- Associated Press - Monday, February 9, 2015

LINCOLN, Neb. (AP) - A Nebraska lawmaker hopes the Legislature’s 18 freshmen, some with Libertarian leanings, are enough to win a motorcycle helmet debate that’s lasted for decades.

Sen. Dave Bloomfield of Hoskins proposed legislation that would repeal Nebraska’s helmet law for motorcyclists, with the justification that motorcyclists should have the right to choose.

“People should have the right to decide what affects them,” Bloomfield said. “It’s not like you’re going to cause a wreck because you didn’t have a helmet.”

Lawmakers have tried to repeal the 1989 helmet law since its implementation.

In 2010, the bill drew a 27-vote majority but failed to hit the 33 needed to end a filibuster. Last year, a version of the bill that would have exempted riders older than 21 from the helmet law also failed to get enough votes to break a filibuster.

Bloomfield said 18 new senators in this year’s unicameral have the potential to advance the bill, calling them “more in touch with the people” who are “getting tired of the government telling them what to do.”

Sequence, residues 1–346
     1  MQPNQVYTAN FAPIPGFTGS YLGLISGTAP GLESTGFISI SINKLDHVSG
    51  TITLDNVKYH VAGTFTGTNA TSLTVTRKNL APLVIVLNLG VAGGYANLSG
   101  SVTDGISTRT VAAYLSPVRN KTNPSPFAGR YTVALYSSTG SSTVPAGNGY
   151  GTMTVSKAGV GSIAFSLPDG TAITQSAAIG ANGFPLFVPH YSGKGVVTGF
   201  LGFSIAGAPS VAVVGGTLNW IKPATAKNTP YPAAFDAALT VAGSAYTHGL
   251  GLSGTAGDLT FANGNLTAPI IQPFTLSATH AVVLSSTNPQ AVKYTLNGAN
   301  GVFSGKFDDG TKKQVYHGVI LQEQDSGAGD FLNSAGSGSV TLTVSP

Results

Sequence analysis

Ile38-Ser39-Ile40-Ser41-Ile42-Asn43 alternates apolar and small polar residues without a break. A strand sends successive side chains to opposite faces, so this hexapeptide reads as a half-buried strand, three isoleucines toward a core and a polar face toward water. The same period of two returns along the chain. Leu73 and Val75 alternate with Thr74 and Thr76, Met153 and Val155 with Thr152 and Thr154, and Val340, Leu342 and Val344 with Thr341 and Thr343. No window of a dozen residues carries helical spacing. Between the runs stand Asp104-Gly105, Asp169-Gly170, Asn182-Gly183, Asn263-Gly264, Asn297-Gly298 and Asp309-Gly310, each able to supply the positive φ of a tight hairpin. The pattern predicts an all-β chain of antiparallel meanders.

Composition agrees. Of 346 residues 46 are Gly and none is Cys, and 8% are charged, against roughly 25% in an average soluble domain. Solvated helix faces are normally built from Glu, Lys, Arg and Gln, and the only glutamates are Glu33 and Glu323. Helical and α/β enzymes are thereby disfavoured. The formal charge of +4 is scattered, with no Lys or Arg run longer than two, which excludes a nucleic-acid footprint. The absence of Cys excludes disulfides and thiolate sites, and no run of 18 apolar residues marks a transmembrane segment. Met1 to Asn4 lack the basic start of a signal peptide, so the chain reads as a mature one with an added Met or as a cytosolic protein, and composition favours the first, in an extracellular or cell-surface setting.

But first the bill must advance through the transportation and telecommunications committee, which has four new members. Chairman Sen. Jim Smith of Papillion said the vote will be close.

At the public hearing Monday, the law’s opponents said that Nebraska loses millions of dollars in revenue from thousands of bikers who choose to avoid the state when traveling to attend the Sturgis Motorcycle Rally in South Dakota, rather than deal with Nebraska helmet laws.

Nineteen states require all motorcyclists to wear helmets but of Nebraska’s bordering states, only Missouri has such a law.

Motorcyclists told the committee many would still wear helmets, but they don’t like the idea of being forced to do so. Scott Hoffman of Lincoln said motorcyclists who ride without helmets should be allowed to actively seek the thrill of danger.

“It’s like getting on a roller coaster riding down the road,” Hoffman said. “My self-awareness is 10-fold.”

The law’s advocates say helmet use is the only strategy proven to reduce motorcycle fatalities. A study by the National Highway Traffic Safety Administration found helmets reduce the likelihood of dying from a crash by 37 percent.

Heather Talbott, trauma outreach injury prevention coordinator at Bryan Health, showed the committee pictures of a banged-up helmet from a motorcyclist who had crashed. Talbott said the rider was in stable condition at the trauma center because the helmet took the impact.

Bloomfield said he would support an amendment this year, like past versions, which would have imposed age limits on helmet use.

The committee took no action on the bill Monday.


The bill is LB31.

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